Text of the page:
Soon after that, my editor was reading a 900-page book in bed when it slipped from his hands and jabbed him in the eye, tearing his cornea. Sounds like a bad joke, right? But it really happened. It took him months to heal from that job-related injury – the equivalent of a ballplayer ripping a tendon – so he began letting authors go. I felt sorry for him, but I’ll admit I probably felt more sorry for myself. I was the opposite of Mary Tyler Moore, tossing my book into the air to some guy singing, “You’re not gon-na make it after a-all.”

But my editor kept me on. A year later, I broke the spine of a book with a photo of me kayaking on the cover and read out loud to 80 cheering friends at my book release party.

I thought, “I’m really an author.”

Then I drove around the American West in my dented, rattling ’95 Honda Civic Hatchback, and spoke to groups ranging from forty people…to one. Yup, reading to one person is really weird.

But I thought, “My audience and I are discovering each other.”

A young Canadian woman who was traveling the world emailed from Australia to tell me she’d read my book twice. She wrote, “Thanks for writing such a smart and funny book. It’s been an inspiration to me.”

I thought, “I have fans.”

One woman messaged me about reading my book when she was deciding to leave her abusive husband, a man who once threatened to put her body in a wood-chipper so no one would ever find her. When she left him, she traveled to Alaska, a place she had long wanted to visit but he had never let her go. In her note to me, she wrote, “I took your book with me and re-read it on the plane. You were great company.”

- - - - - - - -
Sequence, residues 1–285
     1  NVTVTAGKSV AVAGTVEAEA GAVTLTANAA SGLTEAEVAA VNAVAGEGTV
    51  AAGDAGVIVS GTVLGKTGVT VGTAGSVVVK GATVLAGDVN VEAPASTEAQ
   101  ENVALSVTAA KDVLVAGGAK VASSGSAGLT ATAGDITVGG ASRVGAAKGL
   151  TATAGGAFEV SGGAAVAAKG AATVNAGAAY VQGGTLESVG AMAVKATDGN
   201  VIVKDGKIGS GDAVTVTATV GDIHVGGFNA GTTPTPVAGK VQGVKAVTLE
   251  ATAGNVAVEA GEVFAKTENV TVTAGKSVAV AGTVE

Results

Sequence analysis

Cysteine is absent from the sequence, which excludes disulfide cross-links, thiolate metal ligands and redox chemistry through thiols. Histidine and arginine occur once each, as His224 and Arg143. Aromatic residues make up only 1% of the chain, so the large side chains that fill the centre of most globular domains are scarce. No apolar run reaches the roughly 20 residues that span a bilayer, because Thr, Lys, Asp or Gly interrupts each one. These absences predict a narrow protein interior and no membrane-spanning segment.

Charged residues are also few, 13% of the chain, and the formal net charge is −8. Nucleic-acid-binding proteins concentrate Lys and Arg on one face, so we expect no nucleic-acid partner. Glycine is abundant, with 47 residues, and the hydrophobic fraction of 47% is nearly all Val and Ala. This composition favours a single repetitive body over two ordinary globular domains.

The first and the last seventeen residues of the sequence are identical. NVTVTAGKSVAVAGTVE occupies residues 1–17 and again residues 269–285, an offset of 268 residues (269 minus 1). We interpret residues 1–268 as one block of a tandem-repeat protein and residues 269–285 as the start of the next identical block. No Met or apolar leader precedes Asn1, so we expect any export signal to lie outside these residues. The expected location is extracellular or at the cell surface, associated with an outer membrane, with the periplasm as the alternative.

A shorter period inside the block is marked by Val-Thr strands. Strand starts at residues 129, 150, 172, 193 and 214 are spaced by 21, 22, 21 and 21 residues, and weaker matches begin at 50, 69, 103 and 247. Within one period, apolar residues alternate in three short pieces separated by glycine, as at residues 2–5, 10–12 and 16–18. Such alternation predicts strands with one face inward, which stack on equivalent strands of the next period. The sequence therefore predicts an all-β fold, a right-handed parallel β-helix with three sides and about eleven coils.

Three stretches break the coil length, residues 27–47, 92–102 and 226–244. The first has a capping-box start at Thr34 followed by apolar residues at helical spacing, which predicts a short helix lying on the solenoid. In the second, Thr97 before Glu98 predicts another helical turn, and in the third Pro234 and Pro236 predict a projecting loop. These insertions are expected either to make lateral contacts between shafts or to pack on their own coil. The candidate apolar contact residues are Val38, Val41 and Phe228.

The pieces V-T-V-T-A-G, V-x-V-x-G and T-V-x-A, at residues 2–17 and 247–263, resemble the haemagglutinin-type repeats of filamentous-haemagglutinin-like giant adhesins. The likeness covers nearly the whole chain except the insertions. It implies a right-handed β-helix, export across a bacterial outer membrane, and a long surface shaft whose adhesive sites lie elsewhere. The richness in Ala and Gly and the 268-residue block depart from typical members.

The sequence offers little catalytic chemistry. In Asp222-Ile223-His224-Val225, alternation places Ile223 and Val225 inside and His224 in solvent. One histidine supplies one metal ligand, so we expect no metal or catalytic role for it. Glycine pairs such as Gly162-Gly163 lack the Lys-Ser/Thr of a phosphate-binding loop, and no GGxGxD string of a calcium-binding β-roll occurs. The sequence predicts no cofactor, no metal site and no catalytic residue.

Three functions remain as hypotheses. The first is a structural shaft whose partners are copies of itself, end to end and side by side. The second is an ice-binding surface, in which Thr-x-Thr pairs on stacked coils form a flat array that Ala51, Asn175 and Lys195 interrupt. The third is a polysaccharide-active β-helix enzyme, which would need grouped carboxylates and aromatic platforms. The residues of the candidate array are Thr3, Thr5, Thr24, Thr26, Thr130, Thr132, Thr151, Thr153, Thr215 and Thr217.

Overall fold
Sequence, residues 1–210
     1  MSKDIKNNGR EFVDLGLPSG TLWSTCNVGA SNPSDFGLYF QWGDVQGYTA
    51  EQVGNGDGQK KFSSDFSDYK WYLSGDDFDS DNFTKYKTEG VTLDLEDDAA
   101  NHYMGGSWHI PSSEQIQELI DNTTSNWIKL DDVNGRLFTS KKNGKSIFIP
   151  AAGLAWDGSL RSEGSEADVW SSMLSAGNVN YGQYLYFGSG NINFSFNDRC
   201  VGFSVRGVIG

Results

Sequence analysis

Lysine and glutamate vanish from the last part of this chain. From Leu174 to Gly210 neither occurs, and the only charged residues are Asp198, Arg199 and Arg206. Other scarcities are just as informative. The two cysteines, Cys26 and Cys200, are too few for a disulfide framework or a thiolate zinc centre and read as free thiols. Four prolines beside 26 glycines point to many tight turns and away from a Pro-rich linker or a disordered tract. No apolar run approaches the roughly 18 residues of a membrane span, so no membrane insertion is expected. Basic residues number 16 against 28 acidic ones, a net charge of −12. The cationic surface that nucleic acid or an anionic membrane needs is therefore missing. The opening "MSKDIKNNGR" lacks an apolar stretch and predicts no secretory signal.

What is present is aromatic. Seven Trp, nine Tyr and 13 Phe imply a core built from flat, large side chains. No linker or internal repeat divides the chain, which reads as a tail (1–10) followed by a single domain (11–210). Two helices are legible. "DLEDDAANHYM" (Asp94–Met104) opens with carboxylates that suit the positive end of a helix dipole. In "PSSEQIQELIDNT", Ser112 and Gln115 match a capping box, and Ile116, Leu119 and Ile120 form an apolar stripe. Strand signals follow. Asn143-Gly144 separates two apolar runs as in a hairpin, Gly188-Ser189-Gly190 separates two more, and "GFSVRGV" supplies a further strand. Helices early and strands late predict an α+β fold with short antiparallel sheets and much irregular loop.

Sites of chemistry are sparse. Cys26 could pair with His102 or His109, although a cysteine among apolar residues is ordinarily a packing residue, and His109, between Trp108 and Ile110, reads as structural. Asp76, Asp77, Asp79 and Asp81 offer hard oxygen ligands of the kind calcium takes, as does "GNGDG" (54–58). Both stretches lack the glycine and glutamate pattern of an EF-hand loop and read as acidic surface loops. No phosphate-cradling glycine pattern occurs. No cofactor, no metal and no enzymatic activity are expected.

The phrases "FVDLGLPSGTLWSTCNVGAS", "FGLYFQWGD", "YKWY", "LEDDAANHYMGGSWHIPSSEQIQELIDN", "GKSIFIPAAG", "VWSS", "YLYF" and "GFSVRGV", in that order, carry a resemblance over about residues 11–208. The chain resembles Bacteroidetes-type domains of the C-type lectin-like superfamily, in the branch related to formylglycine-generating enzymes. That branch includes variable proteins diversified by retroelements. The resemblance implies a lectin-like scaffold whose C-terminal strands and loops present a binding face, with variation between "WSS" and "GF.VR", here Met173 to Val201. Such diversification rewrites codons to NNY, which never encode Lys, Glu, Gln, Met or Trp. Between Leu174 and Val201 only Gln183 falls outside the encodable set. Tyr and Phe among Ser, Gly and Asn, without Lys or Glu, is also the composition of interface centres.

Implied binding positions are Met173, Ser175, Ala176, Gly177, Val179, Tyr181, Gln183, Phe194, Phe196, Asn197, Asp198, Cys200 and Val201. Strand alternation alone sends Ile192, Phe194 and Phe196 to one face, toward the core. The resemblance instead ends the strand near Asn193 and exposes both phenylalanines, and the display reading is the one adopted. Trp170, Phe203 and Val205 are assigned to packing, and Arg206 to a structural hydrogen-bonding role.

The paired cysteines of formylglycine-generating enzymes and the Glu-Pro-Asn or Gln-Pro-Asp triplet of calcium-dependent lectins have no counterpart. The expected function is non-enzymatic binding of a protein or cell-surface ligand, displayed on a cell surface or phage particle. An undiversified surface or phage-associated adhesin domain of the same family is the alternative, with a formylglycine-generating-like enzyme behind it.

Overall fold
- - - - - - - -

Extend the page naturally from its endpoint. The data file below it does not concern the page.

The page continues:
I thought, “My story is making a difference!”

My friend asked me for some advice, about whether to let a small press publish her memoir or wait for a better offer. I suggested that she and I not try to measure what it takes to “make it” by external results, but rather by an internal evaluation of what we value most. What I value most are relationships. For me, stories are another way to connect with others. That’s when I realized the moment I knew I’d made it:

My memoir is about my relationships with alcoholic men in Alaska and the relationship I developed with myself on my solo trek around the world. But the subject of my parents did come up. I didn’t grow up with my mother. In fact, you know that old joke, “My parents moved away without telling me”? One day when I was twelve, I phoned her only to learn that her number had been disconnected. I didn’t see her for seven years. We’re friends now, and I understand how her own painful history played a role in our past relationship. Still, I feared that after she read what I had to say about her abandonment, she might vanish again.